Practice and Procedure


PUBLISHED April 25, 2013

Imprisonment - Length of sentence - Defendants pleading guilty to number of terrorism offence

R v Khan and others: Court of Appeal, Criminal Division: 16 April 2013

The first, second, fourth and fifth defendants, USK, MR, ABMS, and NH were each born in the UK and lived in Stoke (the Stoke defendants). The third defendant, OSL, lived in Cardiff, as did two co-accused, GD and AMM (the Cardiff defendants). Two further co-accused, MC and SR, lived in London (the London defendants). They came to the attention of the security services after becoming fundamentalists who wished to support and commit acts of terrorism. The security services monitored them using covert surveillance techniques and devices. Although from different parts of the country, the three groups met together.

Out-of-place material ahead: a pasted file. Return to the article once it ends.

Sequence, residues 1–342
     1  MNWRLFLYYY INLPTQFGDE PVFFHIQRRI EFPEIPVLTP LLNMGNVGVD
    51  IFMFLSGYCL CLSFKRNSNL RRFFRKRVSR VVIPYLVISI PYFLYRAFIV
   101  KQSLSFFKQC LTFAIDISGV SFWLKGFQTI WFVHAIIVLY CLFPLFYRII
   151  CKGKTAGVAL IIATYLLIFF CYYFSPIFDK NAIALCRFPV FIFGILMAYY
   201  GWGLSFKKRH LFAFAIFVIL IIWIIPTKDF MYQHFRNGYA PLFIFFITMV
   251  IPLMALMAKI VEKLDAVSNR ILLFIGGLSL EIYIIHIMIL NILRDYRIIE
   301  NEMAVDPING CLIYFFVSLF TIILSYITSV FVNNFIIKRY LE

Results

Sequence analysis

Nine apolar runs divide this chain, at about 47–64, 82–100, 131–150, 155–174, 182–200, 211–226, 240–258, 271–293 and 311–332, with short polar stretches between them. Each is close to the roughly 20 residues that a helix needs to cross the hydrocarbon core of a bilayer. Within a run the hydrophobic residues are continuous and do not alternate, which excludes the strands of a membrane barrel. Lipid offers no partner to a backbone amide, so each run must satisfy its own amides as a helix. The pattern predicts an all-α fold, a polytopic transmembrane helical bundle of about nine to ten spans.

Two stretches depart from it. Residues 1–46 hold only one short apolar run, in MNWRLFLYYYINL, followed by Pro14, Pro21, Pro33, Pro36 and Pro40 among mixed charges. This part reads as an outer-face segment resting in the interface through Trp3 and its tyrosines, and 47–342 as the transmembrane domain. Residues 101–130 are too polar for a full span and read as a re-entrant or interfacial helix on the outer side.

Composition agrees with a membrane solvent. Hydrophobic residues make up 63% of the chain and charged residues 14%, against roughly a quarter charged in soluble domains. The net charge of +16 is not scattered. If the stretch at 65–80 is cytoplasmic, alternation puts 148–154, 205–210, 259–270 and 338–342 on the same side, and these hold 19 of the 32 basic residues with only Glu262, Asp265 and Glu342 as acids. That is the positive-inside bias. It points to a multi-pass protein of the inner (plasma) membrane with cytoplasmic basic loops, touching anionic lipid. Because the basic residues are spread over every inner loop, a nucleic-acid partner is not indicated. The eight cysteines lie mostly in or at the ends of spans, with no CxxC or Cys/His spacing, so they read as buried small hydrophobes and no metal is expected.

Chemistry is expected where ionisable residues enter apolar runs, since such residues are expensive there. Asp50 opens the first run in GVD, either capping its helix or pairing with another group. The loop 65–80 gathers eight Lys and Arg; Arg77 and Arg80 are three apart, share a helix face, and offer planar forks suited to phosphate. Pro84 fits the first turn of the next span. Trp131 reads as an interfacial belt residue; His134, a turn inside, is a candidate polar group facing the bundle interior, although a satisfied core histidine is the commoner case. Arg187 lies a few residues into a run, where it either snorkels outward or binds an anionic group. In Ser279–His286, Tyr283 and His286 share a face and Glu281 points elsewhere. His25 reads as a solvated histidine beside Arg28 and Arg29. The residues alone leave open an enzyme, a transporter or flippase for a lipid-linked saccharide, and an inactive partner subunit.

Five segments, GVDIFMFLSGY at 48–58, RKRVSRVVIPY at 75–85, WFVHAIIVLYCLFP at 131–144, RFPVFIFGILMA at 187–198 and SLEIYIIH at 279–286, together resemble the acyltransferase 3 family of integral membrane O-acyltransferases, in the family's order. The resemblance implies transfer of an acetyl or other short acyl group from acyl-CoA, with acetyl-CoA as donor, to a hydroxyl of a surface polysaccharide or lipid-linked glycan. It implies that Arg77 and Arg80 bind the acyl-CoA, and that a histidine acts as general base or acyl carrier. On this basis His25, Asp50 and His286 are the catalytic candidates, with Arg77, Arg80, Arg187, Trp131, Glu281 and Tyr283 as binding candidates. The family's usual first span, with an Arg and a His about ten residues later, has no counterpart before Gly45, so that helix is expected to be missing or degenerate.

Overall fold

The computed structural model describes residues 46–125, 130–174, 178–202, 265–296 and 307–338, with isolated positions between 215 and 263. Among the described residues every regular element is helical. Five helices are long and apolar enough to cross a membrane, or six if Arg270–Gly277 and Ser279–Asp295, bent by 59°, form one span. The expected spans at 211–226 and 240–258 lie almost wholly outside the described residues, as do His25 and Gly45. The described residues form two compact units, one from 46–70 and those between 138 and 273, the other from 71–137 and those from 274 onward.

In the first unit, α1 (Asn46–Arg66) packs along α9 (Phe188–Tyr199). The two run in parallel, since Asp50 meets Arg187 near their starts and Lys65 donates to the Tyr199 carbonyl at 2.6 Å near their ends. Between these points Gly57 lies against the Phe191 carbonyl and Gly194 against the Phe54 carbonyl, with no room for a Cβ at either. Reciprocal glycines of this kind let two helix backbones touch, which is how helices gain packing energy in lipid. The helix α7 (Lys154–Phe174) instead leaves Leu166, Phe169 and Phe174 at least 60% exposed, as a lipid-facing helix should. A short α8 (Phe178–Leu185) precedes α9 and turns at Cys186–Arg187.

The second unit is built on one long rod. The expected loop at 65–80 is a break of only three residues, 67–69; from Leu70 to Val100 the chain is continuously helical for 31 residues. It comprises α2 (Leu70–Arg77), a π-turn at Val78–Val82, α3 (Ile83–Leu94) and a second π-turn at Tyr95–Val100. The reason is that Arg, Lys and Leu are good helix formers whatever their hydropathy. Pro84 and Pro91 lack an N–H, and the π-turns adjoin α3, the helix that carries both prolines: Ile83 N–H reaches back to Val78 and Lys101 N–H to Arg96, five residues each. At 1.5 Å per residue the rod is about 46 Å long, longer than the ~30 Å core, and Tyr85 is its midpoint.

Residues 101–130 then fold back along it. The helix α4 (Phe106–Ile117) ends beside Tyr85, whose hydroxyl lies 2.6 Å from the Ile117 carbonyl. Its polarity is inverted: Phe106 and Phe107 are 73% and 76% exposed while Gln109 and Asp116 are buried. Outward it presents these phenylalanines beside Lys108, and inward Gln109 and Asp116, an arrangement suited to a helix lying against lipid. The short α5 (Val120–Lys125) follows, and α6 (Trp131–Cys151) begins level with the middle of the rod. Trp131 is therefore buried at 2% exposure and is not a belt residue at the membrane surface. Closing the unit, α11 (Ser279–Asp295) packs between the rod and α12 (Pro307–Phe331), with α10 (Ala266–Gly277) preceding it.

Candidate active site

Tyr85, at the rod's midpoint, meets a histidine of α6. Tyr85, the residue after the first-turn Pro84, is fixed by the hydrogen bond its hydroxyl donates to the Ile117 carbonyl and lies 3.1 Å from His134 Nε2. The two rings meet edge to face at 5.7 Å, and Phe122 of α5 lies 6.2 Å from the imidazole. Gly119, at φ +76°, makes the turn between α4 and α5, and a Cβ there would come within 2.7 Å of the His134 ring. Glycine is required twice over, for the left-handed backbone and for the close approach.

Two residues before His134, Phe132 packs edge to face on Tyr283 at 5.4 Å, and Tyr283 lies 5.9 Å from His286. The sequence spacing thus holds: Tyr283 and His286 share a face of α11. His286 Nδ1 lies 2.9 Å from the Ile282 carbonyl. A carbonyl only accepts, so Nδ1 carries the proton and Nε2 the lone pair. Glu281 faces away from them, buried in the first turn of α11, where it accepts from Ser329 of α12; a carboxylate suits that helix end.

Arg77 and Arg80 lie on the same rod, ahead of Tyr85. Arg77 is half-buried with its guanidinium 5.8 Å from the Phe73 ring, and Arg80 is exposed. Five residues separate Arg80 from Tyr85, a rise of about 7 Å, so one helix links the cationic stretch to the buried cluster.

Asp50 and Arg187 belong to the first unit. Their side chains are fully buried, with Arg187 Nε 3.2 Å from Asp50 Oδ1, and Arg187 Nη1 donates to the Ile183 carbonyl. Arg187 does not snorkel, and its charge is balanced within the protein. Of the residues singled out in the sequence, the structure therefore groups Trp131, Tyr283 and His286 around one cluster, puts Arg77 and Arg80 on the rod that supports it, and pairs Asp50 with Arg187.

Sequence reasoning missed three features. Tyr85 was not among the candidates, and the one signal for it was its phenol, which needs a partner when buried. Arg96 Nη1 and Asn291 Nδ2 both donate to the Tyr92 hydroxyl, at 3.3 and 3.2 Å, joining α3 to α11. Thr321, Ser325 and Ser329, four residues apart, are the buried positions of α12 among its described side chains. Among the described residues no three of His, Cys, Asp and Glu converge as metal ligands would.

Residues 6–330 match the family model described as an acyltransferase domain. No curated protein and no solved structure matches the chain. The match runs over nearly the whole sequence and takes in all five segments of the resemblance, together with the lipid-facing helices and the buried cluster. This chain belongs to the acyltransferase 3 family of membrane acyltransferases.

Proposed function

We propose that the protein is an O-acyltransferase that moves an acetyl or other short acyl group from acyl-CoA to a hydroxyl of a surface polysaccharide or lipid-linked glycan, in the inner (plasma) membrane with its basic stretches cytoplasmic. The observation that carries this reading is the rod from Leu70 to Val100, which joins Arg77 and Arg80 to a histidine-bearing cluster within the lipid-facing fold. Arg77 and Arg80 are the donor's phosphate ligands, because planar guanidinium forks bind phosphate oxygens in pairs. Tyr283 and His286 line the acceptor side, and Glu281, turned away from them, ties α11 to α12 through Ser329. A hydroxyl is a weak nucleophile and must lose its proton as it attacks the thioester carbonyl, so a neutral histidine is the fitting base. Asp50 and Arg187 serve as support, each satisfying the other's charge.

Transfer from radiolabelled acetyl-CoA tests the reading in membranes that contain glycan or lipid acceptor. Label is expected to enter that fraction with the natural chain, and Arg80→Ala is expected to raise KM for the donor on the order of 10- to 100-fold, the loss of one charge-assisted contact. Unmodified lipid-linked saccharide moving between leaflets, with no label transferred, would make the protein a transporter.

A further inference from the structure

In November 2010, they were recorded meeting in a Cardiff park. Although limited material was available as to precisely what transpired, the meeting was alleged to have covered ideological discussion and general ambitions concerning terrorist activities. Later that same month, the defendants from Cardiff and London met in London where discussions for targets for attack and methodology took place. Thereafter, GD and AMM were recorded discussing the construction of explosive devices.

In December, the Stoke defendants were recorded discussing jihad overseas. The three groups also met in a Welsh country park where discussion included how to advance plans for an attack. The Stoke defendants were monitored discussing locations in Stoke that might be targeted. USK was monitored in conversation about how to construct a pipe bomb from a recipe referred to in an Al-Qaida publication. Later in December 2010, the London defendants were engaged in experimentation using the pipe bomb recipe (see [9]-[20] of the judgment). It was at that point that the defendants and co-accused were arrested.